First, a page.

Aston Martin's drip-feeding of details on the incoming DBX SUV has now included our first glimpse of the interior, as well as pricing for various key markets. The global unveil of this highly important machine for the upmarket manufacturer will take place on November 20, in Beijing, and - once it has been revealed - order books will officially open.
Built for all sizes
Aston Martin says it has conducted extensive market research on a wide demographic of people, including those crucial HNWIs (high net-worth individuals) who will actually buy this thing, and it has created the driving position and ergonomics of the DBX to meet the needs of the 99th percentile male to 5th percentile female population - which basically means, unless you're a giant of a male basketball player or an absolutely tiny lady, you should fit behind the wheel of the DBX.
It is, of course, made from high-quality materials, as you'd expect of an Aston, and from what we can see in this solitary image taken from in the boot (apparently), we can deduce the following: the digital TFT screens for the instrument cluster and infotainment seem to be neatly integrated; there looks to be a decent amount of legroom in the back for rear-seat passengers; the controller for the infotainment on the transmission tunnel looks to be the Mercedes proprietary unit, given the tie-up between these marques; and, most intriguingly of all, the steering wheel looks round and not squared-off, which is one of the few features we don't love about the Aston Martin DB11.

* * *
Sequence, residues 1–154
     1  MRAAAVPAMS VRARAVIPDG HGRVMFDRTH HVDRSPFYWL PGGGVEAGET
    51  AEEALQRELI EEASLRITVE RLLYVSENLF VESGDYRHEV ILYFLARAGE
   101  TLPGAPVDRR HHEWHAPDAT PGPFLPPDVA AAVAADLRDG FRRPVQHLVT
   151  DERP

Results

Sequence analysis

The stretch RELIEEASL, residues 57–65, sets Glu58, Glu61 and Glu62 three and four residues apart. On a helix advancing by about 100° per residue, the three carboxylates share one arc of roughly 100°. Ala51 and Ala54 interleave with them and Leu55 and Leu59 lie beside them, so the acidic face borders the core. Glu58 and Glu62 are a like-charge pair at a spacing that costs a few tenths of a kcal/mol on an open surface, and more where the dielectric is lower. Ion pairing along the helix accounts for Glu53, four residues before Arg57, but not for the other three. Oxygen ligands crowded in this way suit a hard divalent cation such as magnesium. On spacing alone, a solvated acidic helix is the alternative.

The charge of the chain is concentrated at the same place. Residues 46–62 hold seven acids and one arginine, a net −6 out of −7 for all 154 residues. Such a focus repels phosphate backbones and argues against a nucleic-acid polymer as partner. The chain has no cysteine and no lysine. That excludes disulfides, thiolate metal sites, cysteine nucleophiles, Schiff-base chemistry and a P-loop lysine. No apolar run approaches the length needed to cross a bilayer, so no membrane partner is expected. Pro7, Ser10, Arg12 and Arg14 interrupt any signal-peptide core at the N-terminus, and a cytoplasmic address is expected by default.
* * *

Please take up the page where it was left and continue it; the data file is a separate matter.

Children consulted on cabin
According to Aston, it spent more than six months making sure that driving position is spot-on, not just in terms of making the driver feel at the heart of the action, but also allowing enough movement in the seat and steering wheel to ensure clear visibility of all controls, screens and out through windows. The bonnet's extremities also allow for precision placement of the DBX when close to other cars, apparently. Elsewhere, a bridged centre console allows for storage of valuables, like a handbag, or essentials (for those with kids), like a 1.5-litre bottle of water, close to the front-seat occupants but low down, hidden, but not on the passenger seat nor rolling around in the footwell. Talking of children, a group of little 'uns were asked to get in and out of the DBX, to assess their experience of ingress and egress. Up top, there's a panoramic glass roof to make things nice and airy within.
Getting on for €300k
Aston Martin has confirmed a UK price of £158,000, which should translate to about €293,000, assuming the DBX cannot dip below Band G for VRT for its CO2 emissions, as and when confirmed.